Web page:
School officials in Pennsylvania's Lower Merion School District will not face criminal charges for activating a tracking feature on school-issued webcams that allowed them to capture about 56,000 images of unsuspecting students and their families at home.
Federal prosecutors said today that they will not file charges against the district or its employees, according to an Associated Press report. Investigators found no evidence of criminal intent by those who activated the feature and/or reviewed the images.
Also today, the district announced new policies for its One-to-One laptop program. In a statement, the district explained the new policies and emphasized how it would be allowed to activate the tracking feature in the future. The district wrote (with bold emphasis coming from the district):
The most important changes to the policy concern theft tracking, remote access and the privacy of students' files on District laptops. The School District will only access a student's computer with the explicit written authority from parents/guardians and students. School personnel will only access a student's laptop remotely to resolve a technical problem only if the student formally gives the district permission to do so. If the student chooses, he or she can decline the remote access and take the laptop directly to the school's IT center for repair. Theft tracking software will only be activated if a student and parent/guardian file a police report and provide a signed "remote file access consent" form and a signed incident report to the principal verifying that a laptop has been lost or stolen. Theft tracking software would never have the capability of capturing screen shots, audio, video and on-screen text.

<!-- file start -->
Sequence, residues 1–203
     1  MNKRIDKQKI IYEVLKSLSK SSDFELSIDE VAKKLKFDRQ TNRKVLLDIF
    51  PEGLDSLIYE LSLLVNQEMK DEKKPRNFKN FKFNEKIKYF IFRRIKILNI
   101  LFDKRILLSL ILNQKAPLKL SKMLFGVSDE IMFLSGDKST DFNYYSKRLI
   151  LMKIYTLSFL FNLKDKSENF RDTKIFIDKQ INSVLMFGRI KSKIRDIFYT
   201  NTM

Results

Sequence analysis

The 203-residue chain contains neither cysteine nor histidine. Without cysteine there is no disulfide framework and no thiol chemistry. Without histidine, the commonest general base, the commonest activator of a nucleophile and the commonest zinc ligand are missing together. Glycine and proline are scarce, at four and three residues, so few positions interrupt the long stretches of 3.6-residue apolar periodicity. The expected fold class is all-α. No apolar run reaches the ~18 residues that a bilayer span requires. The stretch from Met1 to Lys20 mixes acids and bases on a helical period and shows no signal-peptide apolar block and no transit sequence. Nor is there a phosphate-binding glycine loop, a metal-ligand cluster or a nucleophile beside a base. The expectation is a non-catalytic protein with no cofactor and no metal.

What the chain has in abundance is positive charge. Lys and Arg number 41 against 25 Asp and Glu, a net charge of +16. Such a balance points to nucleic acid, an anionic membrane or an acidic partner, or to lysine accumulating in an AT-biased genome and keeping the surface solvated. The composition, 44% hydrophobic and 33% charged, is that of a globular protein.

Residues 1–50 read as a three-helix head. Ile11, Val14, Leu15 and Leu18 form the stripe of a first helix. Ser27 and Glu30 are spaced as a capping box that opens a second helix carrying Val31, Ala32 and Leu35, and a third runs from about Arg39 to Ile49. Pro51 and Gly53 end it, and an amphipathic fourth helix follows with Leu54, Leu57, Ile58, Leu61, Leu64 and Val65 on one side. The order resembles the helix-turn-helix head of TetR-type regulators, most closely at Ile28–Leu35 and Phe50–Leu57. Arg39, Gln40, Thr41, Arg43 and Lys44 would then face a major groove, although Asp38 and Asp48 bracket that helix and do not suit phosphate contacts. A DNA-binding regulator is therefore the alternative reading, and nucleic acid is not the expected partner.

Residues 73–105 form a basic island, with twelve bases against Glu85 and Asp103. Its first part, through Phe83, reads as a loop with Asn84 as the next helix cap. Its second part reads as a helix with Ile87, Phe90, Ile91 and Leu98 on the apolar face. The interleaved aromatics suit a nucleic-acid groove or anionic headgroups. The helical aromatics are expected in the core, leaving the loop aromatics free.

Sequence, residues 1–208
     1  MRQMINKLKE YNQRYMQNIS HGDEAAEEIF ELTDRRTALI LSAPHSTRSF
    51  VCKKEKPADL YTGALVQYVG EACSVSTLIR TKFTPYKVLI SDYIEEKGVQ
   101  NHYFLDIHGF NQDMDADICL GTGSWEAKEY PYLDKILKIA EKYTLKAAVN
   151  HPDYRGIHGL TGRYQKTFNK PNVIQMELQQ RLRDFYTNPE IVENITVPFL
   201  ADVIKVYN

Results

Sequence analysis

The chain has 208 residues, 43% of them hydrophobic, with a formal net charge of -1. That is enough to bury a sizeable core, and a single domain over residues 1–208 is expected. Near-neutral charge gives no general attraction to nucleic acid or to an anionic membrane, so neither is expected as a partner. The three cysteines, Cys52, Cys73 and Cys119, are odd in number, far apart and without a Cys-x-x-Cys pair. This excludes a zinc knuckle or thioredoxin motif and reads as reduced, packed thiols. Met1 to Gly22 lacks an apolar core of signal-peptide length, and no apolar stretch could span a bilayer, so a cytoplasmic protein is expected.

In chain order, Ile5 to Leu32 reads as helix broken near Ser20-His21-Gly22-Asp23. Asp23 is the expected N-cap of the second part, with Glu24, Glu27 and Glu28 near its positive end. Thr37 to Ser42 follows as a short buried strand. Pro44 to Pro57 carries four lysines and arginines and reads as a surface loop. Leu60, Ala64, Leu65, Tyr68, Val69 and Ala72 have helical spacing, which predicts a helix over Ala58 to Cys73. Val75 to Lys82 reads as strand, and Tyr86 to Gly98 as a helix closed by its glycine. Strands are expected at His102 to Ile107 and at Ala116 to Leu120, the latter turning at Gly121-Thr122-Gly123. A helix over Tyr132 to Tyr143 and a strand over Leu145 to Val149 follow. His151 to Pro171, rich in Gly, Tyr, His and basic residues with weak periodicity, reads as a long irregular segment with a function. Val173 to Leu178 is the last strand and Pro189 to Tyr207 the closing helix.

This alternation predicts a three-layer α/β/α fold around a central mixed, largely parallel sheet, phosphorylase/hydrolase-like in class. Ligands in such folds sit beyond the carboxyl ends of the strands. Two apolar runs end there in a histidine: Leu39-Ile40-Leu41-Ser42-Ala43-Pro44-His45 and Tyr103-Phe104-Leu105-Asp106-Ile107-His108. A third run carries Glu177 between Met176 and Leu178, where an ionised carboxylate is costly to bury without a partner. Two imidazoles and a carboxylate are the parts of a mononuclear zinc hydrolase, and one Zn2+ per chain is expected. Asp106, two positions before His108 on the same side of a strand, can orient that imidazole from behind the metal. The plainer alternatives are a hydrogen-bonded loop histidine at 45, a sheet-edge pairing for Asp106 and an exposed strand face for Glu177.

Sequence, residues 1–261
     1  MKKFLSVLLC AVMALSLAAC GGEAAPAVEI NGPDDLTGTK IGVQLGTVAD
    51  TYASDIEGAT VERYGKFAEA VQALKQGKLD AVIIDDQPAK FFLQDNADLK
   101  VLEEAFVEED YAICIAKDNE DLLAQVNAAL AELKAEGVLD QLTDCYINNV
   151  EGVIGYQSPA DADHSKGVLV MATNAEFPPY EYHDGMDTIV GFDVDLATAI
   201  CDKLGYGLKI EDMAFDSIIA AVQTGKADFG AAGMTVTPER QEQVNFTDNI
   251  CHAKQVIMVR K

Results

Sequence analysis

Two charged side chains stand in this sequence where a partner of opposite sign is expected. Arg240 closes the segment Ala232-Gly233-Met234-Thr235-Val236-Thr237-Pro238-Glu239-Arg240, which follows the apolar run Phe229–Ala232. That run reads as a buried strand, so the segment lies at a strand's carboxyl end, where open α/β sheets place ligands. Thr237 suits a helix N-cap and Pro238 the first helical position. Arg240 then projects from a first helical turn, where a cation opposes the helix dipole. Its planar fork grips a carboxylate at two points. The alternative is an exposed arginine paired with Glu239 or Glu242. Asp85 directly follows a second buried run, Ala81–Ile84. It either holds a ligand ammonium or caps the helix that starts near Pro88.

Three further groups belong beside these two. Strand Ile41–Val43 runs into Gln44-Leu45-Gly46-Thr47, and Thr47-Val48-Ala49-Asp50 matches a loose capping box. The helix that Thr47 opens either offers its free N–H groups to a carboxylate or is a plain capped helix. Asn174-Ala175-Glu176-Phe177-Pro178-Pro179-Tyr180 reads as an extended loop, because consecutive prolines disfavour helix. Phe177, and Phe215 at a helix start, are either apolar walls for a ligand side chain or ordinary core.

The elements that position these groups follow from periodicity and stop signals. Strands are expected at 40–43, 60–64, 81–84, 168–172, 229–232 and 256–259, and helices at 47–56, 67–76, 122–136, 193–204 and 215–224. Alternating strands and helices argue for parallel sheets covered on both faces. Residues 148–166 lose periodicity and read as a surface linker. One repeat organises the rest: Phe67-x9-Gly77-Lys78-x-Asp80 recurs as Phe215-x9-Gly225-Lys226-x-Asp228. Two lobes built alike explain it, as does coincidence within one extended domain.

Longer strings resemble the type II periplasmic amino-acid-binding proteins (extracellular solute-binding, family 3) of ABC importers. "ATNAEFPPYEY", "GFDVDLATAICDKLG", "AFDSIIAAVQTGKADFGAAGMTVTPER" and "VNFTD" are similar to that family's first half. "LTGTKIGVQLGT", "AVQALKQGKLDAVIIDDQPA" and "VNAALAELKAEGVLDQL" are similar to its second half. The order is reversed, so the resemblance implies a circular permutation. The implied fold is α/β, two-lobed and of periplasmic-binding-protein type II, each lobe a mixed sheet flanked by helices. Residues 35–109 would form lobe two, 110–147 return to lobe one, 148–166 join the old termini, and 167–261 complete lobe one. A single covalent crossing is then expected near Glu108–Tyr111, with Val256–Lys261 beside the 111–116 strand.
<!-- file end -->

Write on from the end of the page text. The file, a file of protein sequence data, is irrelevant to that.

An investigation conducted by lawyers hired by the school district concluded in May that school administrators meant no harm, though they did act carelessly and failed to use good judgement in using the remote access program. In addition, the investigation found no evidence that school board members or school administrators knew how the feature worked.
It's somewhat disappointing that federal prosecutors aren't holding someone responsible for this blatant stomping of personal privacy rights - not only of students, but also members of their families who had no idea that district officials were watching them at home. Maybe the whole "we didn't mean to" argument would work if it were only one or two students affected or a dozen or so images accidentally had been captured. But we're talking 56,000 images here.
Fifty-six thousand images. How is that an accident?
You'll recall that a student and his family exposed what was happening when school officials approached him with an image of himself at home when they suspected that he was taking drugs. It turned out that he was eating candy.
The student and his parents have filed a civil suit against the district, its board of directors and the Superintendent. It alleges violations of the electronic Communications Privacy Act, The Computer Fraud Abuse Act and the Stored Communications Act, among others.
That case is on-going.